If you've never tasted takoyaki, a trip to Chamorro Village in Hagåtña is in order. Wind through the shops until you find Imari Food Stand in stall No. 126, just around the corner from the main entrance, where husband-and-wife duo Ron and Takeko Guerrero are busy at work turning out perfect, golden takoyaki by the dozens.
For those unfamiliar with the ubiquitous Japanese street food ("I've never heard of people who don't like takoyaki," says Takeko Guerrero, herself Japanese), takoyaki originated in Osaka and has since spread throughout the country, most often found in open-air markets and tiny street stalls. As more and more people have begun lining up for the fried treat in recent years, this bite-size snack made its way across the sea, popping up in island restaurants such as Imari.
Launching in 2015, Imari moved into its own permanent stall at Chamorro Village just months ago, proof that takoyaki is catching on here, too – and fast. On Wednesday nights, Ron Guerrero says, they get so busy that they open two locations within the market: one specializing in takoyaki and the other dishing out bowls of fresh poke. On a typical Wednesday, Imari can sell as many as 120 servings of takoyaki.
So what's all the fuss about? For starters, takoyaki is everything you want in street food: a basic egg-and-flour batter is filled with chunks of octopus or shrimp (or sometimes both), pickled ginger and green onion, poured into a half-sphere mold and rotated for several minutes until the outside is golden and crisp, while the center remains a bit gooey – Ron Guerrero says authentic takoyaki should taste as though it's almost uncooked in the middle. The tender spheres, which he likens to Japanese dumplings, are topped with Japanese mayonnaise, takoyaki sauce and bonito flakes.
And in true Guam style, they're served with a side of house-made dinanche, leveling off the savory and mildly sweet takoyaki with a perfect punch of spice.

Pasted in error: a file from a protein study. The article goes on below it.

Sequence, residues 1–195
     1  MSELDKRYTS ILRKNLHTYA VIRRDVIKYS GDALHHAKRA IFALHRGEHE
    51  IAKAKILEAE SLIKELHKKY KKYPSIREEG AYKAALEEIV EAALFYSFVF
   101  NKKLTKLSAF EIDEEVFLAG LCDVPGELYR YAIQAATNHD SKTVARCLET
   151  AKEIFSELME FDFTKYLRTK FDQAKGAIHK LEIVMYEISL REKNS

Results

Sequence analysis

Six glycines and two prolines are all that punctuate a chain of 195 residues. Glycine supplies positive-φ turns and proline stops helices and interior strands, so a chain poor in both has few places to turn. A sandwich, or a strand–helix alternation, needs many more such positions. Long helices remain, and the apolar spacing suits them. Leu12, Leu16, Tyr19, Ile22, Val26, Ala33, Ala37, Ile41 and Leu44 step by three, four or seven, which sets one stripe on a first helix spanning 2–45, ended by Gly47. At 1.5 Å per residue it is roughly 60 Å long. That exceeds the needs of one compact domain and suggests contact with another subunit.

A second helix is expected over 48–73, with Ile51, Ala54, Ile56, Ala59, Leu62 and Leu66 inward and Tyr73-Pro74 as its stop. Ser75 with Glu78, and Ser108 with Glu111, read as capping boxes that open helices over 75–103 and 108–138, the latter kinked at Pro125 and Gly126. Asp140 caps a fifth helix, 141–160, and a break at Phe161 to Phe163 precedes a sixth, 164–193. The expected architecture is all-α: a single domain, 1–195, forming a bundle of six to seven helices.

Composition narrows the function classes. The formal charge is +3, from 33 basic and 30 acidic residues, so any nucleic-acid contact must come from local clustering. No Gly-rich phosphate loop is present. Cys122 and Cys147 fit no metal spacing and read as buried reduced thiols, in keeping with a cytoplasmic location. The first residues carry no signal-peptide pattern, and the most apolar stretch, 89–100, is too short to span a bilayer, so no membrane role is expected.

Over the past several years, Imari has become known as much for its dinanche as it has for its takoyaki – the unabashed star of the show – to the point that the Guerreros have begun selling their dinanche by the jar. They've tempered the recipe a bit, Takeko says, as some customers said the spice overpowered their dishes. But for those who still want five-alarm heat, they're always happy to add more pepper.
Guerreros take the plunge
Neither of the Guerreros had restaurant experience before opening the food stand, but Ron had long toyed with the idea of opening his own place, and eventually decided to take the plunge. Both Guerreros still work at other jobs while managing and cooking for Imari five days and one night a week.
"It was more like, 'Really, you want to open something?'" Ron Guerrero says. "We don't know anything about food! But when I used to travel to Japan ... every time, I'd see a lot of those street foods. I don't see a lot of those on Guam. The question in my mind was, 'Is it gonna work?' But I said, 'I think it's gonna work.'"
It seems his guess was right, as Imari has already attracted its own crowd of regulars.
For the uninitiated, "fried octopus balls" does sound a bit intimidating (or is that just me?). In reality, it's the perfect street food, with a bite-size delivery that's a bit daring, packed with flavors that are at once new and familiar.
But in the end, it's (lightly) fried dough, and that alone makes it worth a try, right?
Ron Guerrero says some of their success is in fact owed to a more adventurous shift in food culture.
'People want to try everything'
"(There's) always something new to try. I think nowadays food has just expanded where people want to try everything, as much as you can," he says. "I think sometimes you get scared trying it, but when you try it you're like, 'Wow, this is awesome.'"
He adds, "I see people craving it every week now."
Imari has only just begun, but the Guerreros already offer catering, will soon sell takoyaki at select Foody's locations and hope someday to open a small dine-in restaurant.
"A good four-, five-seater," Ron Guerrero says. "Just chill and eat and go."
Ron says, however, they're happy with how far they've come already.
"It's a challenge and I think it's a very huge challenge because food is everywhere," Ron says of opening Imari. "'I wonder if they're gonna come to our shop and eat?' ... 'Do you think they'll go somewhere else?'"
But their hard work and tasty takoyaki are paying off.
"We've got a good handful of clientele ... coming here now, with slowly but surely repeaters ... (that's) what makes me so happy – them coming back every time," he says.